LinkedIn also provides several means by which you can introduce a member of your network to someone else.  If you connect two people who can be resources to one another, you’ll get twice the benefit.
  • Sharing a common interest by way of LinkedIn groups.  When an important advocate has a specific interest, you probably pay a little bit more attention to that topic than you would otherwise.  LinkedIn can help here, too, when you join the same groups as those with whom you want to build a relationship.  Being in the same group as an advocate or donor allows you to glean insights about what motivates or inspires them.  Better yet, you can be part of the same conversations as these connections, giving you the opportunity to make an impression on them and add value.

It’s important to note that LinkedIn is no substitute for one-to-one, substantive communication.  However, when it’s used to bridge the gaps between real world interactions, it can make good relationships even better.

Anthony Juliano of the LinkedInstitute, and Vice President of Marketing and Social Media Strategy with Asher Agency, is an experienced LinkedIn trainer and strategy consultant.  He has developed and taught several LinkedIn classes, presented about LinkedIn at national conferences and provided LinkedIn training for a wide variety of individuals and businesses.  Anthony approaches his work with one simple goal: to help others understand today’s changing communication environment.  He will be presenting two sessions this February at the 2014 ALDE International Educational Conference in Jacksonville, Fla., “Building Bridges With LinkedIn: How to Connect With Your Advocates,” and, “Bridging the Gap Between Social Media and Marketing: An Integrated Approach.”

Wisdom Wednesdays: Three Ways to Thank Your LinkedIn Connections

by Anthony Juliano

Juliano-Anthony-webThis time of year, nearly everyone — even unsentimental old cusses like me — gives some thought to that for which they’re grateful.  If you’ve had any success at work in the past eleven months, there are probably a few professional connections on your “to thank” list.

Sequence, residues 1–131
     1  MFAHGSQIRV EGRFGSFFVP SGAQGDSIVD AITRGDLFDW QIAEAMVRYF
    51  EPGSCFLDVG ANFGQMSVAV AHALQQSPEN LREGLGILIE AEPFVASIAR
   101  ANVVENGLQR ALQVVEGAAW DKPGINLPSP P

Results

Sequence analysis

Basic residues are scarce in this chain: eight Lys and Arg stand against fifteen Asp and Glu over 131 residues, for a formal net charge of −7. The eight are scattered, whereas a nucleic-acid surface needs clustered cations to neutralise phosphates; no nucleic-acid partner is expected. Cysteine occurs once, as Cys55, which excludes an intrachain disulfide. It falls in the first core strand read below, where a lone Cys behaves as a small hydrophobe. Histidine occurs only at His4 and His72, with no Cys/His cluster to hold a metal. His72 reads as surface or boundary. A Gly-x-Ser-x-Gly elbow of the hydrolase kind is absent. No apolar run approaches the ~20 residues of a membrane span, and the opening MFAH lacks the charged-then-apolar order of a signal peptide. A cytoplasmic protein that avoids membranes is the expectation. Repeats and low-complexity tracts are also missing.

Depending on the relationship, some of them will undoubtedly deserve a substantial gift or gesture.  But what about the people you’d like to acknowledge without breaking the bank or overloading your schedule?  There are three ways LinkedIn can help:

1. Endorsements.  I’m not the biggest fan of LinkedIn endorsements, but they do have some value — especially when given to connections who don’t yet have many of them.  Being among the first to give a connection a deserved endorsement will likely stand out more than one given to someone whose expertise has already been well acknowledged by other LinkedIn users.  Those just starting a career may be good candidates for this.

2. Recommendations.  How do you properly thank those who already have dozens of endorsements?  Give them a LinkedIn recommendation instead.  Because it takes more effort to make recommendations, they tend to be better appreciated.  Look for connections who have zero or only a couple recommendations and take the time to acknowledge what they do well.

3.Introductions.  What can you give the LinkedIn connection who seems to have it all? Introduce them to someone in your network who may be in the market for their services or who may be a resource to them.  Choose “share profile” on a connection’s profile to make the introduction, or download his or her profile as a PDF and email it to someone else.  Either way, you’ll be helping two people in the same amount of time it would take you to help one.

The best thing about taking the time to thank your connections is that it doesn’t take much time at all — especially when you consider the potential upside in improved relationships.  It’s yet another example of how, as the saying goes, it’s better to give than to receive.

Anthony Juliano of the LinkedInstitute, and Vice President of Marketing and Social Media Strategy with Asher Agency, is an experienced LinkedIn trainer and strategy consultant.  He has developed and taught several LinkedIn classes, presented about LinkedIn at national conferences and provided LinkedIn training for a wide variety of individuals and businesses.  Anthony approaches his work with one simple goal: to help others understand today’s changing communication environment.  He will be presenting two sessions this February at the 2014 ALDE International Educational Conference in Jacksonville, Fla., “Building Bridges With LinkedIn: How to Connect With Your Advocates,” and, “Bridging the Gap Between Social Media and Marketing: An Integrated Approach.”